Interrupt Problems

I'm using a self built and encoded Optical Shaft Encoder, and I recently switched my detection method from constant checking to interrupts using the attachInterrupt() function.

Problem: There are certain times during my project when I wish to stop the interrupts from taking place, therefore I use the detachInterrupt() function. [u]However[/u], it would seem that the interrupts are still somehow taking place even when they are detached. This is the weird thing though, they don't operate properly as they should....Let's take a look at some code:

Interrupt Declarations:

attachInterrupt(0, intA, CHANGE);
attachInterrupt(1, intB, CHANGE);

Interrupt Example:

//upon interrupt, sets the direction of movement, then runs
//runBoth() which dtermines what to do bases on that direction,
//aka, incrementing or decrementing the degree count.
void intA() {
  currentStateA = digitalRead(outerLoopA);
  if (lastStateA == 1 & currentStateA == 0) {
    directionA = "10";
  } else {
    directionA = "01";
  }
  lastStateA = currentStateA;
  changeA = 1;
  runBoth();
}

Button that does things (also an easy way to test this error)

//checks to see if the maintenance button has been pushed, if so, puts the
//device in a loop, disabling all functionality, until the
//button is hit once again.
void checkMaint() {
  int tempDegree = degree;
  if (digitalRead(maintenanceButton)) {
    while (digitalRead(maintenanceButton)) {delay(2);}
    detachInterrupt(0);
    detachInterrupt(1);
    Serial.println("Now entering Maintenance Mode.");
    Serial.println("Press the Maintenance Button again to Exit");
    while (!digitalRead(maintenanceButton)) {     //NOTE: This Loop is Normally Empty, The following lines are for testing only
      checkOpto();
      delay(2);
      if (degree != tempDegree) {
        Serial.println(degree);
        tempDegree = degree;
      }
    }
    while (digitalRead(maintenanceButton)) {delay(2);}
    attachInterrupt(0, intA, CHANGE);
    attachInterrupt(1, intB, CHANGE);  
    Serial.println("Now leaving Maintenance Mode.");
    Serial.println("Recalibration is strongly recommended!");
  }
}

OK, now that you have been fed some code, hopefully you understand what the program is supposed to do. When an interrupt happens, the program recognizes that, sets the direction, and then proceeds to increase or decrease the degree count (remember this is an optical shaft encoder using a repeating Gray Code (4-bits long)).

For the purposes of testing, I am simply using some pushbuttons to simulate the Shaft Encoder as otherwise testing would be quite laborious. A typical sequence in one direction would be the following: BUTTON1: PUSHED BUTTON2: PUSHED BUTTON1: UNPUSHED BUTTON2: UNPUSHED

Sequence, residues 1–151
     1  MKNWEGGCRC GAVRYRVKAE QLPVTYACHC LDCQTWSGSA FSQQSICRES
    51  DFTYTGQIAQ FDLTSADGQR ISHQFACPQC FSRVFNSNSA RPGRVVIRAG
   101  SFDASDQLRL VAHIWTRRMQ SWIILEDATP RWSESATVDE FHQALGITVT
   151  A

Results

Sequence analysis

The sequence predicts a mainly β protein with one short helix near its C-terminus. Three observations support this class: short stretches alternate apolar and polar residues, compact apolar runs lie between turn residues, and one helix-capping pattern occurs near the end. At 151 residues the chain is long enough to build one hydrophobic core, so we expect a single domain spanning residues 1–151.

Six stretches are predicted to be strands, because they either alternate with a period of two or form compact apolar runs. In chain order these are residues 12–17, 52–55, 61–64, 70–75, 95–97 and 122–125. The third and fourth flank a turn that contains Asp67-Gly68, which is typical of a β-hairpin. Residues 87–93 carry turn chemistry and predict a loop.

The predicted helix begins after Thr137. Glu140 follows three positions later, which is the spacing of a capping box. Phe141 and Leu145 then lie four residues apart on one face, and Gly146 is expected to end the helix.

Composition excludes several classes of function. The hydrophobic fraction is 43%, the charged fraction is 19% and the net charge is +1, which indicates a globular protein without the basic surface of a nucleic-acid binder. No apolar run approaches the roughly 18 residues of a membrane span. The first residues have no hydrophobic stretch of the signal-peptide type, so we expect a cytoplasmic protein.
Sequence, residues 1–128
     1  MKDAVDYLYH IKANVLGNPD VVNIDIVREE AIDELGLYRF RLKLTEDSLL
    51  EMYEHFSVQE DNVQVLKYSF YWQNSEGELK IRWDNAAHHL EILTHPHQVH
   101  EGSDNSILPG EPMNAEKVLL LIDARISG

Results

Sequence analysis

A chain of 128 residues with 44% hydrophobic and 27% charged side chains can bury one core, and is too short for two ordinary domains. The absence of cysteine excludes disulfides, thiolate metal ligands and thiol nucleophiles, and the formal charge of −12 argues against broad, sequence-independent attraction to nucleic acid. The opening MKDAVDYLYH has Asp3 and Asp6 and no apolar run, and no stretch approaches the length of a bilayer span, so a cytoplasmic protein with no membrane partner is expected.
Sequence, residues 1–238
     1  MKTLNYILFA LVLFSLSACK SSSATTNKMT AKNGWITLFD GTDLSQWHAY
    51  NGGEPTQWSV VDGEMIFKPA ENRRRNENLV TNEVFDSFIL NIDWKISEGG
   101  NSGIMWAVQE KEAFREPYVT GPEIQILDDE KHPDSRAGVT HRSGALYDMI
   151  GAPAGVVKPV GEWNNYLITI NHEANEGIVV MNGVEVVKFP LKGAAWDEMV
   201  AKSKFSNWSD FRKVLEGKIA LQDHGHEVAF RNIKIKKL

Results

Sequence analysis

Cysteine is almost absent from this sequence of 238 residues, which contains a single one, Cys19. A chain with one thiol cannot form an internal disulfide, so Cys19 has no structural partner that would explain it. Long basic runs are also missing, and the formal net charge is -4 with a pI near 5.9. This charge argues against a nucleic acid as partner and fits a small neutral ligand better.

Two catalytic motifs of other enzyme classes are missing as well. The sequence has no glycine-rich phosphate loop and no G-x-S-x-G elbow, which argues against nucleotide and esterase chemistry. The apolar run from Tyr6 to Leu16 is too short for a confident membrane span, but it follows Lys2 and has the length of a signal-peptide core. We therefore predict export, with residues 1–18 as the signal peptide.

That simulates the sequence 00?01?11?10?00, tasty Gray Code.

Back to the Problem: When I flip the Maintenance Switch, both interrupts should be disconnected, so even if the Opto-Couplers change state, nothing should happen...[u]However[/u], if either button is pushed, the degree count will only decrement, but it only decrements once. This means, if I push BUTTON1 during Maintenance Mode, it doesn't matter how many times I push it, the degree count will go down by only one. BUTTON2 is also affected. If I don't push any buttons, nothing happens (which is great), and if I push both buttons, the degree count is decremented by a total of 2 (how lovely, it can add 1+1=2).

The REALLY fishy thing is that the degree does not change until the interrupts are reattached. As you can see in the following code (this is my loop that normally has nothing in it):

while (!digitalRead(maintenanceButton)) {
      checkOpto();
      delay(2);
      if (degree != tempDegree) {
        Serial.println(degree);
        tempDegree = degree;
      }
    }

I am trying to check here to see what is going on while my interrupts are disabled and NOTHING should be going on. This loop still does nothing, as I stated above, the degree only changes once the interrupts are reattached.

Summary: Interrupts are disabled, but still have an affect on the program if buttons are pushed (and only if they are pushed), and in a really weird way too (abnormal affecting of the program, not what it should even normally be doing if they are attached).

Any help?

**And before you ask, "What do you think is wrong cypherrage?" I have no freaking clue. As far as I am concerned, the interrupts are completely disabled and therefore, pushing/unpushing/any combination of the two, on either or both buttons, should have no affect on the program whatsoever. And, to confuse me further, the problem doesn't even act logically so that I can figure it out (as it only decrements, which means it doesn't seem to be following my algorithm at all, but some random bug or something).

****If you want to see my "runBoth()" function I can put it on here, but I can assure you it works under normal circumstances (using pinMode(xyz, INPUT) and constantly checking that Pin), and it is really simple, aka compare the current state with the last state, then increment or decrement based on the pattern given. It is large and bulky, but if someone actually wants to see it (as people usually want to see all the superfluous code anyway), I can post it.

directionA = "10";

A really good reason why we ask you to post all your code.

Your wish is my command, this is a new “beta” version of my program, so it isn’t near completion, as I was just trying to test the new interrupts with various functions:

//Single Arduino Implementation (TBA)
//

//                          Pins
//        Communication                 Analog In                  Side Strips
// SCL 21:                         A15:                      5V:               5V: 
// SDA 20:                         A14:                      22:               23: 
// RX1 19:                         A13:                      24:               25: 
// TX1 18:                         A12:                      26:               27: